Most of their blankets are commissioned by Batak Toba families who want to give them to sons and daughters who are getting married. I could not resist, and so I also bought a blanket from one of the weavers. There were other weavers in the village selling many types of beautiful hand woven Batak blankets, but these young women were the only ones weaving the traditional Batak marriage blankets.

There were many vendors selling Batak handicrafts in other places on the island. Often their items for sale would be cheaper, such as a Batak blanket for 50,000 rupiahs. But lots of those items were made elsewhere in factories, and were not made by the local Batak artists. To get the authentic items, you need to go into a traditional village and purchase them there.  (You will also pay more, but your money is likely going to the person or family that made the item.)

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Ann is kneeling next to a Batak waver who made her traditional Batak wedding blanket

We ate lunch in a small local restaurant in Pangururan, the capital of Samosir Island. This was notable because we were finally offered meat that was not chicken or fish. Both barbecued pork and pork curry were part of the lunch menu, along with chicken curry, fish curry, and cassava leaves.

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Jeff and Harmony eating lunch in a restaurant in Pangururan

We saw something interesting when we drove out of Pangururan after lunch. We were passed by a political parade in support of a local candidate. The candidate rode in a real car, but most of his supporters were driving rikchas. As if bumpy, potholed roads weren’t enough to slow us down, we also had to wait on the side in our car for all of these parade rikchas to go by us!

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Political parade outside of Pangururan on Samosir Island

We stopped at another beautiful Catholic church, built in the traditional Batak Toba style.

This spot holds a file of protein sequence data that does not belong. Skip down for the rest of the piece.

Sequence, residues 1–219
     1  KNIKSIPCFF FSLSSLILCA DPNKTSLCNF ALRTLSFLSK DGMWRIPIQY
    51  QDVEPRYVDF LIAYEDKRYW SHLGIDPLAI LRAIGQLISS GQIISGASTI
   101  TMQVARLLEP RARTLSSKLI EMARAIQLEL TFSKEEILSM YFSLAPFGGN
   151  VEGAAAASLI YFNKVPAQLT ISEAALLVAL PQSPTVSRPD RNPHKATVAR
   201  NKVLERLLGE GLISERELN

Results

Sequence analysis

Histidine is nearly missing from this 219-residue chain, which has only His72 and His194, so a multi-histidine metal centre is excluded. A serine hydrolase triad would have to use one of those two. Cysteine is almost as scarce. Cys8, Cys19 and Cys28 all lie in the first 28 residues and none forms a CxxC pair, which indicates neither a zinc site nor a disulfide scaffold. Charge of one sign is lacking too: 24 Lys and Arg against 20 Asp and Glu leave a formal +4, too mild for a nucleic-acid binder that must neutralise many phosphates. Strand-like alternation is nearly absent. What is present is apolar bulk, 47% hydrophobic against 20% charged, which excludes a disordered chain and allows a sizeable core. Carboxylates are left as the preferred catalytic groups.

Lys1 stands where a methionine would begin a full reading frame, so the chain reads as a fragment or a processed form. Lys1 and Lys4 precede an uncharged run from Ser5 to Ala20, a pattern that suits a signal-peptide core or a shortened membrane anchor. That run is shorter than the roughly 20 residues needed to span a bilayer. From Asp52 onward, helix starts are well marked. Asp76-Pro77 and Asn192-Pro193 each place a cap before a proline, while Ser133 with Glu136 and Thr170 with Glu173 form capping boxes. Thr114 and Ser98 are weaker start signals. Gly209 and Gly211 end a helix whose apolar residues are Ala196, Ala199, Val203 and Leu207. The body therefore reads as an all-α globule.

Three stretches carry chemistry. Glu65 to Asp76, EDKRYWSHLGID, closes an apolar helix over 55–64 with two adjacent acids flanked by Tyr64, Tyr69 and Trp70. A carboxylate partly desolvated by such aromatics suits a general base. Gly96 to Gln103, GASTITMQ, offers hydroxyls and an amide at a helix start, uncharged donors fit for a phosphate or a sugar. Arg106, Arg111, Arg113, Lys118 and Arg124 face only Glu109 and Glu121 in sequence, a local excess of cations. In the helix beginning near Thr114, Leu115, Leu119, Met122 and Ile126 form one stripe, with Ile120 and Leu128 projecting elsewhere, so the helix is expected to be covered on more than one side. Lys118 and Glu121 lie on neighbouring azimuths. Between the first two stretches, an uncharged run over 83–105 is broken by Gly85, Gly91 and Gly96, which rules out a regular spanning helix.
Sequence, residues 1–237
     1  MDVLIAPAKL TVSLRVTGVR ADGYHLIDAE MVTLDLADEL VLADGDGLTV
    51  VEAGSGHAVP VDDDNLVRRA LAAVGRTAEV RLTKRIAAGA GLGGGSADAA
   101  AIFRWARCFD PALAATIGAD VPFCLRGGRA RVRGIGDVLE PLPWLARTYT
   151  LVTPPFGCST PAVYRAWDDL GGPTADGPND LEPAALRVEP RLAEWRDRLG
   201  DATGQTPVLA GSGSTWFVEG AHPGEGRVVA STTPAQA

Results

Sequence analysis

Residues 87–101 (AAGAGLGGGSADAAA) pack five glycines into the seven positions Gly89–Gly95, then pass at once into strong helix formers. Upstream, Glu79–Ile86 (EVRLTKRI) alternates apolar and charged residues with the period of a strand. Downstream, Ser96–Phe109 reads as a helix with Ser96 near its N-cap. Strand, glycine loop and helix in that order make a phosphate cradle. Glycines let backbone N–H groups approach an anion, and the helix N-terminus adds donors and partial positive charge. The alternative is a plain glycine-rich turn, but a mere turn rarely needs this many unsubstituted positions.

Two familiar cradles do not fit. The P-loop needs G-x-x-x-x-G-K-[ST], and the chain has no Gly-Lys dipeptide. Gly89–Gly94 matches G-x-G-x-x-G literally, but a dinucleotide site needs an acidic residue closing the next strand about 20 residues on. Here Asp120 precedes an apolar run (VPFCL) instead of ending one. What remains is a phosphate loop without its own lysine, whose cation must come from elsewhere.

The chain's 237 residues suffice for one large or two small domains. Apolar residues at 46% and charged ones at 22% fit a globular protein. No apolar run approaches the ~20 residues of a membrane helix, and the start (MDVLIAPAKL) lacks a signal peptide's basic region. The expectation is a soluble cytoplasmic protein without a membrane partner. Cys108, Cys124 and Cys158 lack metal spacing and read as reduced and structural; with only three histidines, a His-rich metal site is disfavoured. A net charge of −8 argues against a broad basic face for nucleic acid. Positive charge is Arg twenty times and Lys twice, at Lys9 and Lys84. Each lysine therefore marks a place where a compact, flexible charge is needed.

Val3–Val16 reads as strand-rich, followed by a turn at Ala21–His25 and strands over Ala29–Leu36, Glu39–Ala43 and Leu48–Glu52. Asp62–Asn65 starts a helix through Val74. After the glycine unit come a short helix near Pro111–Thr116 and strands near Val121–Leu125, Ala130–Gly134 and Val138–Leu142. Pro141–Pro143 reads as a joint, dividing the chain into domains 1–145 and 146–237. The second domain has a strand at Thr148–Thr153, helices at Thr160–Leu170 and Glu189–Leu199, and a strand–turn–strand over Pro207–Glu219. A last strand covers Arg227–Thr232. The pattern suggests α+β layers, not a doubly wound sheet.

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Gereja Katolik Inkulturatif Paroki St Mikhael Pangururan church on Samosir Island

This one was not as ornate inside, so it really felt enormous with the high ceiling!

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Inside of Gereja Katolik Inkulturatif Paroki St Mikhael Pangururan church

There was an interesting statue outside of St. Michael and a wolf. According to Hans, the wolf is seen as a symbol of evil in the traditional Batak culture. So this statue of a man patting a wolf symbolizes the saint subduing evil.

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A statue of St. Michael patting a wolf outside of Gereja Katolik Inkulturatif Paroki St Mikhael Pangururan church

I don’t want to give the impression that there were only Catholic churches on Samosir Island. There were also lots and lots of Protestant churches. There were so many churches in fact, that Jeff said he seldom went from more than two minutes without seeing a church! Protestant churches did outnumber Catholic churches. Every village or small group of houses seemed to have a church near it, and they all looked well maintained.

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Protestant church on Samosir Island